Major funding has been for Covid relief.
World Bank Lending to India More than Doubles in 3 Years
Tamil Nadu — The World Bank Group’s lending to India more than doubled between 2017 and 2020 as the economy contracted, despite a number of government reforms to spur growth.
The funding to India increased from $2.2 billion in 2017 to $5.11 billion in 2020, the Word Bank reported, while citing the country’s “remarkable progress in reducing absolute poverty” since the 2000s.
India’s GDP contracted by 23.9 percent in the first quarter of 2020-21, the lowest in 40 years, according to the National Statistical Office, primarily due to the impact of the pandemic. The contraction narrowed to 7.5 percent in the second quarter.
The World Bank stated that, “in recent years [the government] has undertaken important reforms to spur economic growth —introducing the bankruptcy code, implementation of the GST [Goods and Service Tax] to integrate the national market and undertook a series of reforms to ease the conduct of business.
“Growth was, however, already slowing when the Covid-19 pandemic struck,” the report states. “This was mostly due to a combination of domestic issues — including impaired balance sheets in the banking and corporate sectors and weak growth in rural incomes — as well as the slowdown in global trade.”
A substantial amount of the World Bank’s commitment has been for pandemic relief.
The government and the World Bank in May “signed a $750 million of $1 billion proposed for Accelerating India’s COVID-19 Social Protection Response Programme to support India’s efforts at providing social assistance to the poor and vulnerable households, severely impacted by the COVID-19 pandemic,” the Ministry of Finance reported.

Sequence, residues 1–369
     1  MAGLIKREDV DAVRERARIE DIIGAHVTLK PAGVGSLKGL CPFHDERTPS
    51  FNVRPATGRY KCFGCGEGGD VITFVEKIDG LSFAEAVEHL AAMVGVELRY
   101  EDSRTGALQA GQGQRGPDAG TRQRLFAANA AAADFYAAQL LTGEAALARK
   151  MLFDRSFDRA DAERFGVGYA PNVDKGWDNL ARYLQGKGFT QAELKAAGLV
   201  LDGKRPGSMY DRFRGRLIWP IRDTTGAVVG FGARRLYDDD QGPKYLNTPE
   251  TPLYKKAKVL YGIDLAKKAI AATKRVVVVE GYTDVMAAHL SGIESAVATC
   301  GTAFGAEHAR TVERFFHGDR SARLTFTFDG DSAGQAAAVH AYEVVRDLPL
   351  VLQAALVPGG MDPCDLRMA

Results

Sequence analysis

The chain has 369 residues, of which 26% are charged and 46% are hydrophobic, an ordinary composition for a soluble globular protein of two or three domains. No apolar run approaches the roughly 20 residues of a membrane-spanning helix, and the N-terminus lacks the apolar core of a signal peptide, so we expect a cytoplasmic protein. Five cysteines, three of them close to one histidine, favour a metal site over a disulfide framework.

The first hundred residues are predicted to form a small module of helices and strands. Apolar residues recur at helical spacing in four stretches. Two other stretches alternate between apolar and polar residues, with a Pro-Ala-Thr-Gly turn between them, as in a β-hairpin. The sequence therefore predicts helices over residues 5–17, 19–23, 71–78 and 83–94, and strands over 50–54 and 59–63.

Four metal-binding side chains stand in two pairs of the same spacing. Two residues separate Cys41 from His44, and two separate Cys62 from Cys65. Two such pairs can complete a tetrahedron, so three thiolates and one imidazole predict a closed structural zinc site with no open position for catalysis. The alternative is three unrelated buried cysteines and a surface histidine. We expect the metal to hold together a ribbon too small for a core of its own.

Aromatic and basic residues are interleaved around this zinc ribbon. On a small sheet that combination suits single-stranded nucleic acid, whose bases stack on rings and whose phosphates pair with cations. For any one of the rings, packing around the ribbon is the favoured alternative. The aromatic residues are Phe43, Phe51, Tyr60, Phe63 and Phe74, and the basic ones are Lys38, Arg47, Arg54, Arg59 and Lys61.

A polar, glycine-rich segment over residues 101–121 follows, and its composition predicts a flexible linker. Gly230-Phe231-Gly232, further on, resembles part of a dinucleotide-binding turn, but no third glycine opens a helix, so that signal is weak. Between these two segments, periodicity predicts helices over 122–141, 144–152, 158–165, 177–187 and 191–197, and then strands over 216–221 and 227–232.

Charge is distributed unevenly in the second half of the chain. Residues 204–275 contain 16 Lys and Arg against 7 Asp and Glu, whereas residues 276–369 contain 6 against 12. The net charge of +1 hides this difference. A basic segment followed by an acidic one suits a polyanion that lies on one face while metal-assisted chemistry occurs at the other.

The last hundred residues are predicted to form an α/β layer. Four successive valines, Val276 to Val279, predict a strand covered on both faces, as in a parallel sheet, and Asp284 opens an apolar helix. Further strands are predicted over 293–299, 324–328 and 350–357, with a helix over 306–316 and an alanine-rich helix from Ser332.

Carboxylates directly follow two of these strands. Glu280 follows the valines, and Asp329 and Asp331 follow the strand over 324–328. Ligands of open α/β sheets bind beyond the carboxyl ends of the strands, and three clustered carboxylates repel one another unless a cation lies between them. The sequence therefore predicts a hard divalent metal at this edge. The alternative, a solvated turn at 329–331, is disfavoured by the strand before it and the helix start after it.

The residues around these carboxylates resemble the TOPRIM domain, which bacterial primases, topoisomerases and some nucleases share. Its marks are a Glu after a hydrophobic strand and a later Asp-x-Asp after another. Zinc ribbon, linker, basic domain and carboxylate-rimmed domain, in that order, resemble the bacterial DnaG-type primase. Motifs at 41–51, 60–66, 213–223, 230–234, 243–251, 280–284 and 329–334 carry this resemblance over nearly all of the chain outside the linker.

In mid-December, the government and the World Bank signed a $400 million project “to support India’s efforts at providing social assistance to the poor and vulnerable households, severely impacted by the Covid-19 pandemic.”
Some of the other projects in India supported by the World Bank in 2020 include aid to micro and small-scale industries, a green highways network, projects for enhancing education in Nagaland and improving agriculture for tribal households in Chhattisgarh.
“Instead of waiting for the economy to pick up, the government is investing in these projects so that the economy picks u, and yields more revenue for the government,” said Devendra Pant, director at Fitch Ratings India.
“So even though consumption is low due to the pandemic and other factors, the infrastructure investments will yield results in the long term. We have two ways of financing such projects — either internal financing, which will widen the domestic borrowings, or external financing from multilateral donor agencies such as the World Bank, ADB [Asian Development Bank], etc., which have longer tenor.”
The World Bank has stated that between 2018 and 2022, the two arms of the World Bank group — the International Finance Corporation and International Bank for Reconstruction and Development — could be expected to provide India with $25-$30 billion.
India has been the largest country in the IFC investment portfolio of the World Bank for several years. The IFC is the private sector investment arm of World Bank Group and shares its mission to reduce global poverty.
At the end of fiscal 2018, the IFC supported 283 projects worth $6.1 billion. These include a major government effort to clean the Ganges river.
Areas for funding identified by India and the World Bank include land and water conservation, infrastructure for health and education, and skill development.
“This is not a typical borrowing which happens during a crisis situation,” said N. R. Bhanmurthy, vice-chancellor of B. R. Ambedkar School of Economics in Bengaluru. “This is just a loan which will be paid up by India.”
(Edited by Namrata Acharya and Judith Isacoff.)